In all his tuneful turning so few and such morning songs
     Before the children green and golden
          Follow him out of grace, 

Nothing I cared, in the lamb white days, that time would take me
Up to the swallow thronged loft by the shadow of my hand,
     In the moon that is always rising,
          Nor that riding to sleep
     I should hear him fly with the high fields
And wake to the farm forever fled from the childless land.
Oh as I was young and easy in the mercy of his means,
          Time held me green and dying
     Though I sang in my chains like the sea. 


Friday, July 13, 2018

The Year the Law Changed by Carol Muske-Dukes

The Year the Law Changed
Waiting hours, each of us in a curtain-stall.
Two men outside, mopping the floor and hall,
Shouting “Murderers!” at us. Were they janitors?
Or medics who’d read our charts & diagnosed?
If men could get pregnant, it would end up
a sacrament, Gloria said. Simone said We
know that no woman takes it lightly. So
could both be true. In class in San Francisco
our teacher spoke of his wife who lost
a child to leukemia, haunted by her ghost
& told by her shrink to write about blood.
She wrote about a vampire and her book shot
to fame so maybe she forgot the one who
never grew into her name. When my name
was called I went to have it done and then knew
I had my life back but covered myself with blood —
mine and some not — but still of me. I don’t know
what I mean by “of me,” it’s undefined & even
the shouting accusers won’t cross that line. I had to
swear I was clinically mad to have it done. What’s
madness to the men in white: they clean the world
of residue like me and all the blood from both of us. 


Thursday, July 12, 2018

A Few Words on the Soul by Wisława Szymborska

A Few Words on the Soul

We have a soul at times.
No one’s got it non-stop,
for keeps.
Day after day,
year after year
may pass without it.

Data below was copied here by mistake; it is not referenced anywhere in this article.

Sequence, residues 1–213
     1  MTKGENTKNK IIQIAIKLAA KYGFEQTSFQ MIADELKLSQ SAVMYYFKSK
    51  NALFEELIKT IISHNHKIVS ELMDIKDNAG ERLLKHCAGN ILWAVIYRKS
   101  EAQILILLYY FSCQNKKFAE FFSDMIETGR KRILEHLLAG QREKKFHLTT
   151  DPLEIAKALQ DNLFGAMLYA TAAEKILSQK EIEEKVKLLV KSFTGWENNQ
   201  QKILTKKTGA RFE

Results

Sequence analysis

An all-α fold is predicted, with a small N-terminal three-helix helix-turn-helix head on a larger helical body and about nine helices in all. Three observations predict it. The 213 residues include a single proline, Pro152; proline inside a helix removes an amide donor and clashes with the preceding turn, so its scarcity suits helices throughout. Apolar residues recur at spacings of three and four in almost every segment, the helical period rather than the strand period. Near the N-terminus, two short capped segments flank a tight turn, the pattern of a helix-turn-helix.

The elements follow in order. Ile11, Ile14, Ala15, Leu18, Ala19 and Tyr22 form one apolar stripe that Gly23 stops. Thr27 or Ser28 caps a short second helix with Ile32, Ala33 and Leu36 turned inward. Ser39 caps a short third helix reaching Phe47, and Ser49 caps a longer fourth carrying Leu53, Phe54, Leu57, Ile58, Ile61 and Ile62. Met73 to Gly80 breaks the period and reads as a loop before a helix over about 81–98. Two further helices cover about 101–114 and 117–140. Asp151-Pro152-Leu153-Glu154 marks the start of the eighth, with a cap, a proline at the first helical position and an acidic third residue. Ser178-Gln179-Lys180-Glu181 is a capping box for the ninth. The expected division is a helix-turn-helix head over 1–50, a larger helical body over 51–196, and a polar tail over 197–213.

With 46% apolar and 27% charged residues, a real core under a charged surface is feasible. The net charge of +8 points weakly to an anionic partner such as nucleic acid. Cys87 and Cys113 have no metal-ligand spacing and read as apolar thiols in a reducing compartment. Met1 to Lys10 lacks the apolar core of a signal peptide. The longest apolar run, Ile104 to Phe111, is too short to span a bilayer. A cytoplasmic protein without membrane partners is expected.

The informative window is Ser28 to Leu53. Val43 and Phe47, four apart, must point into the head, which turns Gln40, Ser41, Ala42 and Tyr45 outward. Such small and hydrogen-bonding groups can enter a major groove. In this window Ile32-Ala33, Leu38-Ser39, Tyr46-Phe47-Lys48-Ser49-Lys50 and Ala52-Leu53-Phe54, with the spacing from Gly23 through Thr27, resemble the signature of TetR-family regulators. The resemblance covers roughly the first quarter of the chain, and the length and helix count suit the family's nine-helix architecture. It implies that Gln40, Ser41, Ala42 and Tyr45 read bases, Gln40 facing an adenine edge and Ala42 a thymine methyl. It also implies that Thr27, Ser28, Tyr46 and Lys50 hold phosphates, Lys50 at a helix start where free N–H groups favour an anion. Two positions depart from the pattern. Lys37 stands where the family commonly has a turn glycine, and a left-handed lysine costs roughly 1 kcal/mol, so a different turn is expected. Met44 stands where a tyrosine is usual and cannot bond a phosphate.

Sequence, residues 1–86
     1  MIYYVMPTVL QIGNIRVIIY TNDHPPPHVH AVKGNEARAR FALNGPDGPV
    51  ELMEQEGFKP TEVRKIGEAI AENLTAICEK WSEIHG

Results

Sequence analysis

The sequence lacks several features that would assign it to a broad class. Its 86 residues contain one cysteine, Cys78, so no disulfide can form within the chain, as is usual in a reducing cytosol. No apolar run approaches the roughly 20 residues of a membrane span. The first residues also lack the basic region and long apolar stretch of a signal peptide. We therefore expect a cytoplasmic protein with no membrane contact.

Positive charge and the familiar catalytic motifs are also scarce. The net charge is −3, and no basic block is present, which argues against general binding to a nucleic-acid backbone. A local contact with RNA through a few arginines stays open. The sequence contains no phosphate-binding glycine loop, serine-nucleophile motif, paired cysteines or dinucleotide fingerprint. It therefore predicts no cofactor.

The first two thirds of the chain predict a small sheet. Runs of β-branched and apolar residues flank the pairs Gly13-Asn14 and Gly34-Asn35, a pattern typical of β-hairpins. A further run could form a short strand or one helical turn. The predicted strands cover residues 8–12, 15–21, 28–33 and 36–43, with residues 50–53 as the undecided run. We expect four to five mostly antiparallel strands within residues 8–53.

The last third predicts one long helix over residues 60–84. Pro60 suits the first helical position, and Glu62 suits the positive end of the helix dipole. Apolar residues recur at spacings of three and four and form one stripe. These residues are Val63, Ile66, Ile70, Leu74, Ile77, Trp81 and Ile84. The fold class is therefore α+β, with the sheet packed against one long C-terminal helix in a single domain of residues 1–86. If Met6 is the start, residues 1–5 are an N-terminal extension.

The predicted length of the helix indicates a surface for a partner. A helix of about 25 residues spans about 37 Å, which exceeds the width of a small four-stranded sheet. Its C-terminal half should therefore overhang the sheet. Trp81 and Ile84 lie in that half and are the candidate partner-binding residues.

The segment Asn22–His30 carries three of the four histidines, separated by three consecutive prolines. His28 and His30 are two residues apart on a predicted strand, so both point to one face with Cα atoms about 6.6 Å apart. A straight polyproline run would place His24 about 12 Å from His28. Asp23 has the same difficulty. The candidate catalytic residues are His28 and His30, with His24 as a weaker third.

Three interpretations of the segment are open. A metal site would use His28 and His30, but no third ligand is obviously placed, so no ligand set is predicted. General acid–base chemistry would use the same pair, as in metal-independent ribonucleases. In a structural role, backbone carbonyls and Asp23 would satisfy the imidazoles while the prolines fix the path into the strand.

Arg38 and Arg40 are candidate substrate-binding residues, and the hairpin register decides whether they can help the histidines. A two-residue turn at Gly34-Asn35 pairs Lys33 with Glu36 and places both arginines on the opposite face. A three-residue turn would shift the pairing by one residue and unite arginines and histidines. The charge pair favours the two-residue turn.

it will settle for awhile
only in childhood’s fears and raptures.
Sometimes only in astonishment
that we are old.
It rarely lends a hand
in uphill tasks,
like moving furniture,
or lifting luggage,
or going miles in shoes that pinch.
It usually steps out
whenever meat needs chopping
or forms have to be filled.
For every thousand conversations
it participates in one,
if even that,
since it prefers silence.
Just when our body goes from ache to pain,
it slips off-duty.
It’s picky:
it doesn’t like seeing us in crowds,
our hustling for a dubious advantage
and creaky machinations make it sick.
Joy and sorrow
aren’t two different feelings for it.
It attends us
only when the two are joined.
We can count on it
when we’re sure of nothing
and curious about everything.
Among the material objects
it favors clocks with pendulums
and mirrors, which keep on working
even when no one is looking.
It won’t say where it comes from
or when it’s taking off again,
though it’s clearly expecting such questions.
We need it
but apparently
it needs us
for some reason too.

(Translated by Stanisław Barańczak and Clare Cavanagh)


Wednesday, July 11, 2018

To a Straight Man by Eduardo C. Corral

To a Straight Man

All zodiac all 
        radar your voice
                I carried it
across the Atlantic
        to Barcelona
                I photographed
        cacti mosaic
I even photo-
        graphed my lust
your voice skimming
        a woman’s skin
                mattress springs
so noisy so birdlike
        you filled her room
                with cages
camera bright
        in my pocket map
in my mind
        I explored a park
                leaves notched
& enormous
        graffitied boulders
three men

                tall & clean
closed in
        they broke open
                my body
with their fists
                your red wool cap
insufferable the way
        you walked
                away from me
come back please
        the buttons
                on your jacket
are finches
        I wanted to yell
                as you vanished
into a hotel
        to drink with
                your friends
there was nothing
                you could do
after my attackers left
        before I got up
                I touched my face
almost tenderly